Scooter Libby's fuzzy-memory defense

The former vice presidential aide raises "I don't recall" to high art.

Published August 1, 2006 4:54PM (EDT)

Why does Scooter Libby's account of events in the Valerie Plame case not jibe with that of reporters from Time, NBC and the New York Times? You could say because he's lying. But that's not a very kind interpretation. And according to Libby's defense team, Libby and various prosecution witnesses may have different recollections because of something far deeper and more complex -- the poorly understood way in which the human brain processes memory.

This is not a joke. On Monday Libby's lawyers asked Reggie B. Walton, the federal judge presiding over Libby's upcoming trial on charges that he lied to investigators during the Plame investigation, to allow them to bring a memory expert to the stand to explain the idiosyncratic way our brains record and retrieve what goes on in our lives.

Among the facts that Libby's team wants the expert -- Robert A. Bjork, chairman of the psychology department at UCLA -- to explain to the jury is that "memory does not function like a tape recorder, with memories recorded, stored and played back verbatim." Rather memories are malleable, and can be influenced by a person's prior memories and other events. The filing -- available, like everything else, at the TPM Document Collection -- also explains that "memory research has shown that people can forget that they once remembered something," and that "forgetting, rather than being simply a weakness of memory, is also an efficient component in the efficient use of memory."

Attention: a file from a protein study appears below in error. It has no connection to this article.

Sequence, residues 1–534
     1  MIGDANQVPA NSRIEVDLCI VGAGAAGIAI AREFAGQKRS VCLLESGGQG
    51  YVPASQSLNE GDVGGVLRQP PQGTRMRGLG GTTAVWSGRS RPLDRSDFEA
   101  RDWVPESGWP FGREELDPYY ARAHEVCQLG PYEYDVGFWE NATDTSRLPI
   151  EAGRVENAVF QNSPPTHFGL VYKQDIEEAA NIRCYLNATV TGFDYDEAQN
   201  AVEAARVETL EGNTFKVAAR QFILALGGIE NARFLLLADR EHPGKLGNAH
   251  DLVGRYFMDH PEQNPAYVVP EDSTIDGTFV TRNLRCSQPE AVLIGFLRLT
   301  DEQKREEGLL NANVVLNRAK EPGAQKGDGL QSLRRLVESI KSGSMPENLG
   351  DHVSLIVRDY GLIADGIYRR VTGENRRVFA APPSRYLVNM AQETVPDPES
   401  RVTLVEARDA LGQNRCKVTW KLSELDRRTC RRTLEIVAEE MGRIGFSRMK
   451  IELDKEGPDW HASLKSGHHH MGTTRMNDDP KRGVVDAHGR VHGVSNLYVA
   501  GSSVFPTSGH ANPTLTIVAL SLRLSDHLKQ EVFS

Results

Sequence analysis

I'd have fingered Libby as a fairly hard-nosed guy, a man of moral clarity who sees the world as a place of irrefutable truths, where something so fuzzy as the flaws of memory would never sully one's sense of right and wrong. So it's fun to see him pursue this postmodern avenue now, embracing, like a hippie who's eaten too many special brownies, the "Rashomon" qualities of life. Libby remembers one set of facts, and Judith Miller, Tim Russert and Matthew Cooper remember something else. But can we ever really know for sure what exactly happened? What is truth? What is knowledge? How did we get here? What is the meaning of it all? We might as well call the whole thing off.

It's unclear if the judge will allow Libby's memory expert; as the Associated Press points out, Walton has previously expressed skepticism about the relevance of such testimony.

By Farhad Manjoo

Farhad Manjoo is a Salon staff writer and the author of True Enough: Learning to Live in a Post-Fact Society.

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